It's hard to remember the benefits to therapy when you walk out of a session feeling beaten and broken. Touching on the scary and uncomfortable feelings of inadequacy and guilt is not an easy task. Often it seems as if my journey in therapy will never end. I'm not even sure I want it to. Sometimes it's tiring, frustrating, and almost feels hopeless. Other times it's enlightening, comforting, and refreshing. All of this may seem like too much work, but the outcome is something I never thought possible: I am taking care of myself.
From a very early age I had the notion that I had to take care of myself, but I didn't know how. As I grew, so did my frustration with trying to take care of me. At age 15 I entered the mental health system, which actually made my journey of self-care even harder. I would muster the courage to tell one of the various mental health care professionals what I thought would be good for me and I was quickly told I didn't know what I needed. I was a client not a professional with special emphasis on the lack of degree.
Finding the right fit for a therapist took four and a half years and very insightful social worker at a local inpatient unit. I still didn't understand what taking care of myself, and asking others for help, entailed but I had someone willing to help me out. Learning to take control of my life didn't mean I was crises-free. Just the opposite: crises was how I knew to communicate "I need help."
I found myself recommended to a day program my therapist is associated with and I began my "speak up and speak out" campaign. I had decided I didn't want to lie anymore to professionals and I wanted to take charge of my own care. After all, my therapist said I could! Not so simple. I refused to agree to a safety contract because my therapist trusted me enough to not require one. Also, honestly, a safety contract is something that I knew wouldn't stop me from self harming, so why lie that it would? Unfortunately, the doctor working with me saw this as an admission to planning on killing myself.
I stood up for myself, demanded my therapist be brought in (she worked on another unit at the same facility) and we all sat down to agree that I could go home, get what I needed done, and I would bring myself back the next day for evaluation. I felt great! I had stood up for myself and my therapist had stood up for me too. We get up from the meeting, my therapist asks me a few last questions and I watch as she walks off the unit, back to her regularly scheduled work day. Then I was captured.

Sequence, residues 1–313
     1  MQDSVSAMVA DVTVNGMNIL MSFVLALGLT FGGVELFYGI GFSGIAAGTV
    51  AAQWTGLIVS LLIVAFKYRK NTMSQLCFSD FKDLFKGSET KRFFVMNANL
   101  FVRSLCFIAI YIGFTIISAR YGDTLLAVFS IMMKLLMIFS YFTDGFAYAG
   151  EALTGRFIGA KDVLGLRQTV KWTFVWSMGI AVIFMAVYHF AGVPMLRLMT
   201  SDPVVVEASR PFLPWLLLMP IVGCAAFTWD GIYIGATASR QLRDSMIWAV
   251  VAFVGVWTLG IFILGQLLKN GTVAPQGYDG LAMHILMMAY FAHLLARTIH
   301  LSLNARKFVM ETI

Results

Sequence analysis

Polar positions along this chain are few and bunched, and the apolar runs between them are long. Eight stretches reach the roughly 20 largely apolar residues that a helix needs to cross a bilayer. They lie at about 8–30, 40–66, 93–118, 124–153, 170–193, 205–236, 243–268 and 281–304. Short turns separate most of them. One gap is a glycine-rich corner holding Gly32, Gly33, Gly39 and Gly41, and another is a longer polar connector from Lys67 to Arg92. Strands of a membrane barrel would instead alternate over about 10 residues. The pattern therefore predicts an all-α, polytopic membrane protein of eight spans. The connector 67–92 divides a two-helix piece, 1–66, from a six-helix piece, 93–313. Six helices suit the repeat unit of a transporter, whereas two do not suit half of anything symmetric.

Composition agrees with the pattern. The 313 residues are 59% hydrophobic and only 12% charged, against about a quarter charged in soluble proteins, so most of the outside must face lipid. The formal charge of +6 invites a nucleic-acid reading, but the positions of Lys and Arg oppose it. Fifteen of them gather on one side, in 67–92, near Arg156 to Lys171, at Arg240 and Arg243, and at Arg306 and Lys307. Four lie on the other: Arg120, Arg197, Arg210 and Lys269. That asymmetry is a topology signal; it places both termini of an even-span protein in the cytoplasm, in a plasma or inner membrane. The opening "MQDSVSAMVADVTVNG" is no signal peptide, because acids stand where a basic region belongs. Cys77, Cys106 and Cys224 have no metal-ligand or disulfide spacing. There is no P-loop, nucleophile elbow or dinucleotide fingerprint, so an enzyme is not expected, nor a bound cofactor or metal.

Okay, not really, but it felt like it. I was called into the doctor's room, then escorted through locked doors to Acute Psychiatric Services (APS). I was devastated. My attempt at being honest was thwarted by a doctor lying to my face. And to make matters worse, to my therapist. I ended up spending two weeks inpatient attempting to pick up the shattered pieces of my self esteem. Suddenly all the beliefs about self care I had learnt were gone. Even in-patient the same doctor caused problems for me. Her underling (how I referred to the resident working with her) questioned my depression and insisted I should have no say over my own medications. I was alone and afraid.
How did I make the 180 and regain my sense of self care? Learning to use my support system. My therapist visited me every single day during my inpatient stay. She wouldn't let me think that she was as unethical as other staff members. With the trust in my therapist fully in tact, I began to trust myself again. It took small steps and some shaky moments, but now I'm toddling along, almost running, with my self-care knowledge.
The one thing I have learned from all of my adventures is that no matter WHAT others say or do, I deserve to stick up for myself. Even if I can't do it all the time, I can take small steps. Having resources at the ready, surrounding myself with a great support system, and taking the time I need for me. And yes, going to therapy even if I walk out feeling like a wounded warrior. In some ways I am a wounded warrior, but I know I will keep fighting. And helping others to learn that they deserve to keep fighting too!
Keeping Yourself Safe Resources:
Recover Your Life - a site for people who engage in self harm and those who support them. Distractions, information, and live chat
Reasons Not To Hurt Yourself - Author Cheryl Rainfield lists some very important reasons not to hurt yourself
Suicide Prevention Lifeline - 24 hour hotline to help those who need someone to listen. Also has links to resources for supporters.
To Write Love On Her Arms - Resources, help, and support for those dealing with mental health and self injury issues.